Nostalgia fads usually start to build at 20 years, peak at 25, and sputter out around 30, give or take. They don’t consist merely of middle-aged folks reminiscing about their youths, since middle-aged folks by themselves are in no position to start fads. For that you need the participation of the currently young. The young, of course, dig all that old material as laughable “camp.”
This has been the case as long as I remember. In 1972 Bette Midler went to #8 on the charts with her cover of Boogie Woogie Bugle Boy. As the 1970s progressed, 50s nostalgia took hold and went completely over-the-top, exemplified by Happy Days, Grease, and “50s nights” at bars and clubs (the drinking age was still widely 18 then, so music clubs had a younger crowd than today). Austin Powers aside, the 60s revival that followed was more muted, perhaps because the young were irked that the Boomers were spending all their money on themselves. The 70s revival consisted mostly of That 70s Show and platform shoes – no one was much interested in bringing disco back. The current 80s revival is much broader, helped by all those Brat Pack and teen horror movies. The 90s should reappear shortly. It can’t be long before a Nirvana-mania tribute band opens on Broadway.
I can’t help noticing, though, that the 40s never quite go away completely. Nostalgia may no longer be an appropriate word, since 85% of the population was born after the 1940s. Yet, aspects of the decade remain forever fashionable in a retro way: the movies, the music, the clothing styles, the cars, the sports figures, and “Golden Age” science fiction. References to them crop up again and again in odd places in decade after decade: Paul Simon, “Where have you gone Joe DiMaggio?”; the first season of the Wonder Woman TV series; the movies Swing Shift, A League of Their Own, Who Framed Roger Rabbit?, Forever Young, and so on. In Blast from the Past, the dance sequence is in Club 40s. In 2011, Captain America (see my July blog Limited) did a big box office. Even an episode of Xena: Warrior Princess was set in the 40s.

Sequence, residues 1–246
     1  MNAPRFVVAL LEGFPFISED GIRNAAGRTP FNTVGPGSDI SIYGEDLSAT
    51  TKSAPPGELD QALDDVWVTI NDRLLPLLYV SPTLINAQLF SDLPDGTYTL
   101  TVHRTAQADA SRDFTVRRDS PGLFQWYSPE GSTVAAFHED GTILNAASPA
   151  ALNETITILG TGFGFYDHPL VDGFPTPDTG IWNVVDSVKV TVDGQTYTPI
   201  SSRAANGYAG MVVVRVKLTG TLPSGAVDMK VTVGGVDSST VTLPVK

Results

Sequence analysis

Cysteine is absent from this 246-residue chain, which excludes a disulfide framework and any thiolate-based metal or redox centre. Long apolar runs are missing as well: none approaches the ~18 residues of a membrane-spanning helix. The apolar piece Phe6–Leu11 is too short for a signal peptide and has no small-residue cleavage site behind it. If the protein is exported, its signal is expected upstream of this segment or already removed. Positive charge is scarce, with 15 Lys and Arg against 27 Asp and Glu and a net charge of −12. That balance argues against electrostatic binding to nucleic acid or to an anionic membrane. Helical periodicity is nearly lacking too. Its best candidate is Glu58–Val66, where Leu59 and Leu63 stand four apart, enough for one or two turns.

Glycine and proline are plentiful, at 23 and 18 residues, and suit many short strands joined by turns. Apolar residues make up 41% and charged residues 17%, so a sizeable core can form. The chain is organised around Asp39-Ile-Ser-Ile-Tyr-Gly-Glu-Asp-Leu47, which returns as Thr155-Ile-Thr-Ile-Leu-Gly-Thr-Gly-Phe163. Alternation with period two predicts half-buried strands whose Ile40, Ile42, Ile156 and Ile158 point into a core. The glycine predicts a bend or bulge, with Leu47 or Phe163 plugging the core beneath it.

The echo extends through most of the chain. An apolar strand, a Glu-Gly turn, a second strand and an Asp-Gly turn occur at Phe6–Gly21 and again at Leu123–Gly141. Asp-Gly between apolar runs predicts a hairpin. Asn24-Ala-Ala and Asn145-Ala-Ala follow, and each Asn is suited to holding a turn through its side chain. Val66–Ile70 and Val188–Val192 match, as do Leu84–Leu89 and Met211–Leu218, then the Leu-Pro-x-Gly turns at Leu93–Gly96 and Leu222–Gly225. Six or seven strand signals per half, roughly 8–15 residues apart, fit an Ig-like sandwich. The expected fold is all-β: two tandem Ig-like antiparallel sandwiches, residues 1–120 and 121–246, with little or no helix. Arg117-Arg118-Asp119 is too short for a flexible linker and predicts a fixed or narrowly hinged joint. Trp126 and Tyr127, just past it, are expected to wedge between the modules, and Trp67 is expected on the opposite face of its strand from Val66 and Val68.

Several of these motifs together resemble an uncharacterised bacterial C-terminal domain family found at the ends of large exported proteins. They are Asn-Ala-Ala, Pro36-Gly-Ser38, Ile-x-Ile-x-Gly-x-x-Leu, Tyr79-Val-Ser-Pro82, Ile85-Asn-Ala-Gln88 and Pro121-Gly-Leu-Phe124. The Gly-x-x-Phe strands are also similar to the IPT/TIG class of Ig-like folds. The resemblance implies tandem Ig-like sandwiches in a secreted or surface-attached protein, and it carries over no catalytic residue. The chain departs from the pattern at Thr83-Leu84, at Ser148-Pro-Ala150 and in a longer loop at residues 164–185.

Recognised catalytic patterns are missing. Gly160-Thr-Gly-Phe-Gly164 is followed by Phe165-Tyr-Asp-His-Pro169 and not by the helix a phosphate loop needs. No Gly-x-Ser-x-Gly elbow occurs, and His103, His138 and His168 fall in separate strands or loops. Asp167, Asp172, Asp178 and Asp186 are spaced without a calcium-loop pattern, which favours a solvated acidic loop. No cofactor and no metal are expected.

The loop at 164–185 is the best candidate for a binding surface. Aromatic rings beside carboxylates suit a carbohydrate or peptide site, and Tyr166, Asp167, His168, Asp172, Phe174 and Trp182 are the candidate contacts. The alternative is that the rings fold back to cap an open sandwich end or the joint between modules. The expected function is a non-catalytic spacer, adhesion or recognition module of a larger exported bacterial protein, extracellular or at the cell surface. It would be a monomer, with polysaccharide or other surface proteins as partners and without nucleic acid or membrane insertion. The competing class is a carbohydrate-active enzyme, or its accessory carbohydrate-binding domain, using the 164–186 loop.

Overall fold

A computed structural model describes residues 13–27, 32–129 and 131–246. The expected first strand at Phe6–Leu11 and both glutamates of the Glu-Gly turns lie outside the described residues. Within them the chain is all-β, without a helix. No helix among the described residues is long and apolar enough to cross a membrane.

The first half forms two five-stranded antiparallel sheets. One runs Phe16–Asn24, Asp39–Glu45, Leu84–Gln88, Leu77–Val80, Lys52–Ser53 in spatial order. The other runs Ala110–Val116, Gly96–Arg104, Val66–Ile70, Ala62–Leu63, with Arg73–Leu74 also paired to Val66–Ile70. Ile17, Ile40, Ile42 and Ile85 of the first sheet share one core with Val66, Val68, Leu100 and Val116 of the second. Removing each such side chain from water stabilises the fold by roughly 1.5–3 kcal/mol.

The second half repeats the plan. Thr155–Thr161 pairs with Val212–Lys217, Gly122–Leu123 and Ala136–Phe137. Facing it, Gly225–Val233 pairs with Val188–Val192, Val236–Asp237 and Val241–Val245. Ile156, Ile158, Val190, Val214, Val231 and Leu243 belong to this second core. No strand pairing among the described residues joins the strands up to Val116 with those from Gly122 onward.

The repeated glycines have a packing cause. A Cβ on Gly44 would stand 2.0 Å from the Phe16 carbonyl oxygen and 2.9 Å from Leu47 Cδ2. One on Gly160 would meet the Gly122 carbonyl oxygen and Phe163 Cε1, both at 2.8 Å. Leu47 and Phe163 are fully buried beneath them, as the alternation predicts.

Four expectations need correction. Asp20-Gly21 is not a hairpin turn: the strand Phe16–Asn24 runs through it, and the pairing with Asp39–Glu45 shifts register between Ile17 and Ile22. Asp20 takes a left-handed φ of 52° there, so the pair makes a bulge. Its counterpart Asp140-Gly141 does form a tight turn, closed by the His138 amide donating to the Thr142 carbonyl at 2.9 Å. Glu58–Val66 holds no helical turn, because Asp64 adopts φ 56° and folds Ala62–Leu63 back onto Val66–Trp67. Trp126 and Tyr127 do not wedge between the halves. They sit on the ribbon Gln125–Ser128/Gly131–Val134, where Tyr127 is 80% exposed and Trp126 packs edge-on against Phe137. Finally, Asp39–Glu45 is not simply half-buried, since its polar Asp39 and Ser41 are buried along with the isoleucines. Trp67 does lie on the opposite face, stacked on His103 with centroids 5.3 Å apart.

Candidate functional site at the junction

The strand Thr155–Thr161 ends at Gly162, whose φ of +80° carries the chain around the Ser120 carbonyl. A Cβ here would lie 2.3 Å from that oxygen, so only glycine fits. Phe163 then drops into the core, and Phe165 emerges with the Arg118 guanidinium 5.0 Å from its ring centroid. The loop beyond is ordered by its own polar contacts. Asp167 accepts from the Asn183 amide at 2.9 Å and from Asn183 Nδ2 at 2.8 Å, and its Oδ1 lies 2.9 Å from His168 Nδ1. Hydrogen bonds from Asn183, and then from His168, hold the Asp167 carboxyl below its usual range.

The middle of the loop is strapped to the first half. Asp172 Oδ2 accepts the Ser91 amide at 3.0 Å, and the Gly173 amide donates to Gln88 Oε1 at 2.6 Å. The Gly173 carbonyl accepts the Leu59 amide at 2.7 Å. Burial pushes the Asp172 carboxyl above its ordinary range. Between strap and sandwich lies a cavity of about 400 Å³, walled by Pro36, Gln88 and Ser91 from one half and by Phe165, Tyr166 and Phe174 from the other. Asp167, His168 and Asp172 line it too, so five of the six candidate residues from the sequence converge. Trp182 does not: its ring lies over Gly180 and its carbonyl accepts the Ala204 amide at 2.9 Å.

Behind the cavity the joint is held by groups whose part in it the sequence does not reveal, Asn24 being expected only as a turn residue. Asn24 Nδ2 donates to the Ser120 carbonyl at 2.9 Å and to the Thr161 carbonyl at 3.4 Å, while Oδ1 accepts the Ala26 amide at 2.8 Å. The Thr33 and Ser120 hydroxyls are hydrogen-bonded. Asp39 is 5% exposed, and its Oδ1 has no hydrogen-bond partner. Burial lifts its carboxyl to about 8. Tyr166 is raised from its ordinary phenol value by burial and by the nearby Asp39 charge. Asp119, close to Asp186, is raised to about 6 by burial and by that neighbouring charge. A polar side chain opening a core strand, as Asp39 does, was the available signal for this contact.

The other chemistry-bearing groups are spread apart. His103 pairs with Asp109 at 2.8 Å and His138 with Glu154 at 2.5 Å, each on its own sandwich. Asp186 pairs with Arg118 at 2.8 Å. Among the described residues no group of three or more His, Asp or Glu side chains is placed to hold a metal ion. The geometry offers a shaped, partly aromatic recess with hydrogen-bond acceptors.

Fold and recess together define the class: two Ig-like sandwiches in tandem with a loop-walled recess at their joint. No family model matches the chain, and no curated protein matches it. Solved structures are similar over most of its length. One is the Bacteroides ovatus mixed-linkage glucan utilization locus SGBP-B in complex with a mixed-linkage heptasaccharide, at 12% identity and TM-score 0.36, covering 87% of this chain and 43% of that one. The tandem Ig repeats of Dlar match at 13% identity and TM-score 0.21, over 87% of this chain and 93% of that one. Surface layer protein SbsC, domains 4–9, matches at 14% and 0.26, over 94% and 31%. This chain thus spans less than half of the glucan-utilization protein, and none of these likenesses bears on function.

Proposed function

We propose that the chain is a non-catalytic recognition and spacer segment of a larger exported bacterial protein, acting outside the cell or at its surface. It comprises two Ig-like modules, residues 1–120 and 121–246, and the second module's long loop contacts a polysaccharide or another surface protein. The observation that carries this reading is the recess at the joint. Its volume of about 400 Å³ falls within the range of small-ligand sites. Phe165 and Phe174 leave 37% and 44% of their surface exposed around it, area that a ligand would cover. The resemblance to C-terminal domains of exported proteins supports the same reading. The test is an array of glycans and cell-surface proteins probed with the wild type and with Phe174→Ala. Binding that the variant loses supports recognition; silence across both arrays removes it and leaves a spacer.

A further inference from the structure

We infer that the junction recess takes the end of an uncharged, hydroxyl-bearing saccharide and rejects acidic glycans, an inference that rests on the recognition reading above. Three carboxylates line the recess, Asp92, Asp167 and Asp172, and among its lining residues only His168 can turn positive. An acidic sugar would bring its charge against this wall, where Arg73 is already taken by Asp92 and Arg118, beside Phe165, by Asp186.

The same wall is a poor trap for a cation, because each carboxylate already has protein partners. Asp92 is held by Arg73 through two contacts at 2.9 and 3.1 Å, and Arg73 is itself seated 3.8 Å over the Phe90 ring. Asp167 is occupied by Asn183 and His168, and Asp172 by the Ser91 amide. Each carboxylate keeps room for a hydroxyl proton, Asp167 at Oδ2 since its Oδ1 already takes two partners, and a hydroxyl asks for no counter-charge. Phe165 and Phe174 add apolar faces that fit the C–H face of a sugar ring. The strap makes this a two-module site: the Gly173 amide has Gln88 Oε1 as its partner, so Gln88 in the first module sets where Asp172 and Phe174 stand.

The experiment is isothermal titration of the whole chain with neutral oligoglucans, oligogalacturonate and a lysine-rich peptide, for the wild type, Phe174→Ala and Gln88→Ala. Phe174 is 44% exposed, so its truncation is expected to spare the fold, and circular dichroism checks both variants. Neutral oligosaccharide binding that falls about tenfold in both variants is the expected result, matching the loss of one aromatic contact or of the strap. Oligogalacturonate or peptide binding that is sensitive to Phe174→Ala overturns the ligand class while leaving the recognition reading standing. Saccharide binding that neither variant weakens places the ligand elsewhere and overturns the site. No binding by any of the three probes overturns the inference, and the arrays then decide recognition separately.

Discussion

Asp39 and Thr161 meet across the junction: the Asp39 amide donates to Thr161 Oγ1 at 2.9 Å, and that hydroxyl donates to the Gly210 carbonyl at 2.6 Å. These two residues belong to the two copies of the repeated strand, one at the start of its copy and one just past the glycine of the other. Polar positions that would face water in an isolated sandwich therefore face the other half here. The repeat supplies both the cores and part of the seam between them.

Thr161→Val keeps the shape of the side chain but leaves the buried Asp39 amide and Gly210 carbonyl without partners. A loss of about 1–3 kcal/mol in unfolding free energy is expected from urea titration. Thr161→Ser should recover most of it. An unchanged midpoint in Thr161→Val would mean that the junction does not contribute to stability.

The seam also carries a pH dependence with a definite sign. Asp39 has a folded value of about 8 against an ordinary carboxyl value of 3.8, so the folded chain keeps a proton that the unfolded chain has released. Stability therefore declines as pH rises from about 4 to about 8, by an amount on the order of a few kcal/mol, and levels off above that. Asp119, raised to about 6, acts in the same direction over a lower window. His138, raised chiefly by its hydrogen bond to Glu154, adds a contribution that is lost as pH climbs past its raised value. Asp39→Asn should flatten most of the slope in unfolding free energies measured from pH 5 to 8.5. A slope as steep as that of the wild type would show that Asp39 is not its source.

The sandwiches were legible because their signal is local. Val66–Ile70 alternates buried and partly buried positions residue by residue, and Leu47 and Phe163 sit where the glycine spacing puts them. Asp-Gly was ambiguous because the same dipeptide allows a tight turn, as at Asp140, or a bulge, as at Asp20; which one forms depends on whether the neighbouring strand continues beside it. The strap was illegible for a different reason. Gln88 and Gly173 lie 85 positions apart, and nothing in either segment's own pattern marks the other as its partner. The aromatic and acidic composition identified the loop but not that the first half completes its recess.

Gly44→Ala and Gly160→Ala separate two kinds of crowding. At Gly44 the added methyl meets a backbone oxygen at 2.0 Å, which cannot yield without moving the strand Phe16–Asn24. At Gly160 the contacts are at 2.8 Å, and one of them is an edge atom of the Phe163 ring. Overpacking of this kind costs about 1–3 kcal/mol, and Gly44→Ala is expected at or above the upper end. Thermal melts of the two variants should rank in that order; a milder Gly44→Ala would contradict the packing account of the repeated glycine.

Why do the 40s linger so, especially in the US? I think it’s because 1940s America is how we still would like to see ourselves – because in fact we don’t anymore. It is worth remembering that the real 1940s, as opposed to the pop-culture image of them, were a deeply flawed time in the US. Yet, in the characters of the time there seems to be a moral compass that is notably absent today, and which is attractive. Very evident in 40s movies is a conviction that, for all our faults, when push comes to shove, we are the good guys, as when the far from perfect Rick Blaine does the right thing in Casablanca. The conviction is long gone now, and we miss it. The world war and its aftermath were the dominant reason for the Zeitgeist, of course, even though the war wasn’t the cliffhanger on this continent that it was for a time in the UK and Russia. There are plenty of 40s villains, to be sure, both fictional and all-too-real. Film noir is full of them, but they know they are villains. They don’t make excuses, and thereby they also show a form of moral clarity commonly lacking today.
Then there is simply the matter of style, whether low-life or high-life. Who wouldn’t want to be more like Philip Marlowe or Vivian Rutledge (The Big Sleep)? Well, if you wouldn’t, there are more wholesome (and rather noble) alternatives available in films such as Since You Went Away (1944). The 40s had another element that wasn’t blatant, but which permeates the era’s style. 1940s veteran (and army veteran) Gore Vidal asserts that the Sexual Revolution usually attributed to the 60s really took place in the 40s – the 50s were a temporary backlash. It shows, even though the Hays Code kept it subtle. Vidal himself did his bit in this regard, publishing The City and the Pillar in 1946.
There is no denying that in innumerable ways our society is vastly better today than is was 70 years ago. Yet, we feel something missing – a spirit perhaps – that at least appears to have been present then. As long as that something stays missing, the 1940s will continue to draw us. They certainly are present in my DVD collection, and if a Club 40s opens near me, I’ll go to it for a drink, even though I never did learn to jitterbug properly – or improperly for that matter.
Before Jessica Rabbit Was Peggy Lee